Jury Retires To Consider Verdict In Trial Of Cricketer Accused Of Raping Sleeping Woman

Prosecutors allege Alex Hepburn was motivated by a sexual contest "game". He denies two counts of rape.
Alex Hepburn
Alex Hepburn
Press Association

The jury in the trial of a cricketer accused of raping a sleeping woman has retired to consider its verdict.

Former Worcestershire all-rounder Alex Hepburn denies sexually assaulting the woman in April 2017, claiming they had consensual sex in which she “actively engaged” after opening her eyes and kissing him.

Prosectors claim the 23-year-old began to rape the woman while she was asleep in his best friend’s bed, after he became “fired up” by a competition to sleep with the most women.

In her evidence to the court on Tuesday, the woman, who cannot be identified, told the court she was initially asleep during the alleged attack and then wrongly assumed Hepburn was his then team-mate Joe Clarke.

The woman, who had earlier had consensual sex with England Lions batsman Clarke at the cricketers’ flat, was horrified when she realised she was in bed with Hepburn, the jury heard.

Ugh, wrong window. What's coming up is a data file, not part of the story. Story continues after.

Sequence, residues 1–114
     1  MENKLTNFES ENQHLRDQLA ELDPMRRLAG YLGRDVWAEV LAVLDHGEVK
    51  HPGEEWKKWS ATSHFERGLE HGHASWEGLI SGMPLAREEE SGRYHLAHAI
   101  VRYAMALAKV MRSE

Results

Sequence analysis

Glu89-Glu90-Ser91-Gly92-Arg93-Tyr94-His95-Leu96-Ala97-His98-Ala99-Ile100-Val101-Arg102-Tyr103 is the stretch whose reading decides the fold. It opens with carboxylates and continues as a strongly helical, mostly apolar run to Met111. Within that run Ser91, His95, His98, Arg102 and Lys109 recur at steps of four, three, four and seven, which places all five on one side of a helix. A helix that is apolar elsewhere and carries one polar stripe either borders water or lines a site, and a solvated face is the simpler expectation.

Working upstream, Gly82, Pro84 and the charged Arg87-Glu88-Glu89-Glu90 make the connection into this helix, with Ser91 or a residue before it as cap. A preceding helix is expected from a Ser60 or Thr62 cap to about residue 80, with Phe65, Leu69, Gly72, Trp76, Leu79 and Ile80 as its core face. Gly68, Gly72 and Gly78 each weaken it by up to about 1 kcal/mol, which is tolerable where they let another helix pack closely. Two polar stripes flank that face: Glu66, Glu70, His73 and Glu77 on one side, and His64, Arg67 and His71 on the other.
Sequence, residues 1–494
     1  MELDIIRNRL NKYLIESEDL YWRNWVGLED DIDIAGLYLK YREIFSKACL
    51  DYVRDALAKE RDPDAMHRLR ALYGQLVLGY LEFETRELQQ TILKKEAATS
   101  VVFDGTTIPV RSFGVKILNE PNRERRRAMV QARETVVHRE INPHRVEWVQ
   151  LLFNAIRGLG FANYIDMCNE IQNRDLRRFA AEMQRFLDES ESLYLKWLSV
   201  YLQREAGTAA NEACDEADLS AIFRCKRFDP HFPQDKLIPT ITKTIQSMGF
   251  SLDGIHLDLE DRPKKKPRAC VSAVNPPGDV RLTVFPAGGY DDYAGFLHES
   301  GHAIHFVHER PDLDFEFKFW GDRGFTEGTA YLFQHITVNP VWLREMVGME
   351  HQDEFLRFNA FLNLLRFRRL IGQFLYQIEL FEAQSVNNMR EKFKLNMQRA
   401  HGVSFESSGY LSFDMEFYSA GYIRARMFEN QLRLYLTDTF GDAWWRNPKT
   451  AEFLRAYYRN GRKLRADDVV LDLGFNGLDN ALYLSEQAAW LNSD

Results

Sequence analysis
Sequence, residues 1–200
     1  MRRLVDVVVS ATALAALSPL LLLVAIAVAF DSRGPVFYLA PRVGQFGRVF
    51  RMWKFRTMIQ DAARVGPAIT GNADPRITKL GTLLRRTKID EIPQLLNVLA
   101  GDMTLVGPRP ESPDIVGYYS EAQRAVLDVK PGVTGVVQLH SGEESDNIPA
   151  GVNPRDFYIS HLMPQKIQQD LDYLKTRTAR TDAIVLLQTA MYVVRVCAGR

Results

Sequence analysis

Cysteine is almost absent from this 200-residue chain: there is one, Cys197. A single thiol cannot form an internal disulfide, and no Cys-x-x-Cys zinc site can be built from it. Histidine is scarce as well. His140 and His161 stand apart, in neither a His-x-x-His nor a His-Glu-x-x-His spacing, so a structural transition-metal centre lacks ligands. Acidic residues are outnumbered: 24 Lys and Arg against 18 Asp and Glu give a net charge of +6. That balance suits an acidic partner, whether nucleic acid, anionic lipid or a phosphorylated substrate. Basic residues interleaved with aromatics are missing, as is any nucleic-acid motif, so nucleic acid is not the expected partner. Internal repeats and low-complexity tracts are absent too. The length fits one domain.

Hepburn, of Portland Street, Worcester, told the city’s crown court on Wednesday that he only saw the woman was in his team-mate’s room after getting into bed beside her.

Prosecutors allege Hepburn was motivated by a sexual conquest “game” – after setting up a “stat chat” page on WhatsApp to keep a record of sex with women.

During his evidence, Hepburn – who was born in Western Australia and moved to England in 2013 to pursue his cricket career – fought back tears while being asked about the WhatsApp group.

He said he was “completely embarrassed” by comments he made, describing it as immature chat between friends.

Before the jury retired to consider its verdicts on two counts of rape, Judge Jim Tindal said the panel would have “no deadlines” and should take its time discussing the case.

During his summing up, the judge said Hepburn had posted the rules of the game to the WhatsApp group five days before the alleged rape.

The game had been played during the previous season, the judge said, adding: “It was effectively a competition – and I regret to use this word but it seems to be accurate – to ‘collect’ as many sexual conquests as possible.

“It’s about ‘collecting’ new girls – to them, ‘freshies’, as they put it.”


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